As 52-year-old Kamlesh lowers himself into the labyrinth of tunnels that stretch for miles underneath the city, he braces himself for a familiar, nauseous explosion of gases. Muck sticks to his body and seeps through his clothes.
A few hours later, Kamlesh has bathed. He sits outside the rusty door of his shanty in the Jamadar Colony of Noida’s Sector 22. His neighbour Bablu died a few days ago while cleaning a manhole outside the ESI Hospital in Noida. A friend died trying to save him, while another who went to rescue them barely escaped with his life.
“Such deaths are nothing new,” says Kamlesh. “At times, death is better. Years of doing this work has given me splitting headaches, skin allergies and breathing problems. Each day brings in new ailments, but I have to keep working.” Kamlesh makes a few thousand rupees a month. The nature of his work is determined by his contractor. On days when the city’s drains are working fine, he finds sweeping work to do. “My contractor tells me which drain to clean. If the drain hasn’t been cleaned for a while, it can take me more than an hour on the job,” he says.
A typical day begins early, with him looking for work. Before entering a manhole, Kamlesh throws a match stick inside to check for poisonous, combustible gases. He lowers himself, without any protective gear, always conscious of the fact that he could face grave injuries that could kill or maim him.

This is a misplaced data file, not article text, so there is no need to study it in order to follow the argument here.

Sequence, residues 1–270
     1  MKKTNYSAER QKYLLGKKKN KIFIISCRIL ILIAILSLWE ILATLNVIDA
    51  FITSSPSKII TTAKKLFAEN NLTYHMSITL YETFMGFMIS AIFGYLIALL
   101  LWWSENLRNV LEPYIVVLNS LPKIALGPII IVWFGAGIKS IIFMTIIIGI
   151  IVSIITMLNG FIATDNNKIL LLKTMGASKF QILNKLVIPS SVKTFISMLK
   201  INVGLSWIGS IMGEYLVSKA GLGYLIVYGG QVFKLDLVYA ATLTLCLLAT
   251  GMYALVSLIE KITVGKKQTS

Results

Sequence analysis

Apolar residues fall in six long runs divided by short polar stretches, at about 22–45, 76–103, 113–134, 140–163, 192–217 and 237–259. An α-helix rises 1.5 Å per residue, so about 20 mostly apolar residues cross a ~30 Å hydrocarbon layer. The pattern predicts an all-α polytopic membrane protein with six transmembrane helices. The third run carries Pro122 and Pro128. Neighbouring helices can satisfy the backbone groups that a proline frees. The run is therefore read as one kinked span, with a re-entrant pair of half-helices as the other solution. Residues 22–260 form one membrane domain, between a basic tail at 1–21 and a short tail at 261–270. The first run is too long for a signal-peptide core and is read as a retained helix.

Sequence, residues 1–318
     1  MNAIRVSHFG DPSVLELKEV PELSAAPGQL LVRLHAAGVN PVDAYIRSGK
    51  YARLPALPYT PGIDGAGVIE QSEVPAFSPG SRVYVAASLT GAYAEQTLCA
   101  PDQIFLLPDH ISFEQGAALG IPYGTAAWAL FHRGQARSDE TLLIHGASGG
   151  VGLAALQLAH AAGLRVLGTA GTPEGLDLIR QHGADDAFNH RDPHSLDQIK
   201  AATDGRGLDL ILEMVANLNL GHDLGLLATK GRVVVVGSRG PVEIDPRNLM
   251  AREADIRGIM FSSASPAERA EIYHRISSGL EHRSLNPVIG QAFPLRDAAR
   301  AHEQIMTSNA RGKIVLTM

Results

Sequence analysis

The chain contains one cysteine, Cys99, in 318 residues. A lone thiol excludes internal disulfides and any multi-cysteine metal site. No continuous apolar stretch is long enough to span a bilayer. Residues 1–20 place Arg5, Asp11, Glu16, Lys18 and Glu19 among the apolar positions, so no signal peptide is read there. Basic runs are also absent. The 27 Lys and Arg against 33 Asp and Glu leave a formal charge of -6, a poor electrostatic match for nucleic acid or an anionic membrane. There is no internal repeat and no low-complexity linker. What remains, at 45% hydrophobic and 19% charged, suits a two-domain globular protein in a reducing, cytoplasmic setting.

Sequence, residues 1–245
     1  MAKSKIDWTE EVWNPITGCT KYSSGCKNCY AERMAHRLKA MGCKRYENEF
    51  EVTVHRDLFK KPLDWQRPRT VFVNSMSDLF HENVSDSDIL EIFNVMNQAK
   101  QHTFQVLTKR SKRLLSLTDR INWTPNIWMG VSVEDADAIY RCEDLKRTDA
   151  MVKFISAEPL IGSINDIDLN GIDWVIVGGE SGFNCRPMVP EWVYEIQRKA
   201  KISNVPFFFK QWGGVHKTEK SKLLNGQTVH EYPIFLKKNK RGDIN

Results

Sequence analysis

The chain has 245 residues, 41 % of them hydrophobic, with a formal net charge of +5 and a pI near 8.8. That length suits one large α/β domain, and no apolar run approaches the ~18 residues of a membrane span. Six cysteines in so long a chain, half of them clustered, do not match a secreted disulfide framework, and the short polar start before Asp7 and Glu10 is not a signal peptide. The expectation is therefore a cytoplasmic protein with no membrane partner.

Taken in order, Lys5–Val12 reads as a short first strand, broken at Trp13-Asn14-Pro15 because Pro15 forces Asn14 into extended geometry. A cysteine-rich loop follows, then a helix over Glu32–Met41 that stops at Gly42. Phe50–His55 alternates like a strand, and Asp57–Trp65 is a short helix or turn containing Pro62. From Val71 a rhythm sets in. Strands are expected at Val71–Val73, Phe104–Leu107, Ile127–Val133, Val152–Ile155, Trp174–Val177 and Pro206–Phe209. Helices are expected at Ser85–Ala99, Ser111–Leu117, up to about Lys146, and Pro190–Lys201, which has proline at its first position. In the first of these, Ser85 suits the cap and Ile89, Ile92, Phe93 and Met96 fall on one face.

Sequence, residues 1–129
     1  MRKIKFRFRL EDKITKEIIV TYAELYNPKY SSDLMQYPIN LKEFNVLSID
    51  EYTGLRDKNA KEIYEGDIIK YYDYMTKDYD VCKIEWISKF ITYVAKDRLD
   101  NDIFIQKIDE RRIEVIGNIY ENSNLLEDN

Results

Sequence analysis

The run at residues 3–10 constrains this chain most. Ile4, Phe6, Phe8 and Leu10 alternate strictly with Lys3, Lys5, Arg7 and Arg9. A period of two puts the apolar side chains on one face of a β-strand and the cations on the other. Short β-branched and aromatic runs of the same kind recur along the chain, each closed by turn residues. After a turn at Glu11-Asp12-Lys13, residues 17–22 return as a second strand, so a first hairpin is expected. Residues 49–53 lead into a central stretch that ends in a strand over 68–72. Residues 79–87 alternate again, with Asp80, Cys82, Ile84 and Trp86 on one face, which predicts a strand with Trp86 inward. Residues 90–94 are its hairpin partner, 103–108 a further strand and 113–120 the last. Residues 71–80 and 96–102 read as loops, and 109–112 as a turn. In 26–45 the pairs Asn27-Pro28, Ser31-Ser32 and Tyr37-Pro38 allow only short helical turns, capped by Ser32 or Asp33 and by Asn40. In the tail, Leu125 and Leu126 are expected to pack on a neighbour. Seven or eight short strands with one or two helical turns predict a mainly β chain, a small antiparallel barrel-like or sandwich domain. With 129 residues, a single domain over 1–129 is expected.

The process of cleaning drains isn’t very complicated, he admits. He does it with his hands, collecting the garbage and bringing it up to the street, from where it is carted off. A “good day” sees him cleaning two or three drains, on lean days he looks for other work.
“The worst thing isn’t the smell, but the small trinkets that remind me of the life above,” Kamlesh adds. “Packets of chips, polythene bags, disposed condoms, needles, blood-stained waste from hospitals, beer bottles.” Upon reaching home, the real battle begins. “My body is covered with all sorts of filth. First I take bath with water, then rub mustard oil and finally use a bartan wali tikia (a soap used to clean utensils) to clean myself. The contractor gives me the soap and oil,” he says.
His children live with his wife in Meerut. Initially Kamlesh is reluctant to reveal what they do, but later he opens up and says that his son too cleans drains, while his wife is a sweeper in a school. Kamlesh belongs to the Valmiki community, a sub-caste considered lower than other Dalit sub-castes such as Dhobi and Vankan. “My caste prevented me from getting any education. My father cleaned toilets and no one continued…
The Home Ministry had sent a panel of three senior IAS officers to pick from and Negi's name is not in the list.
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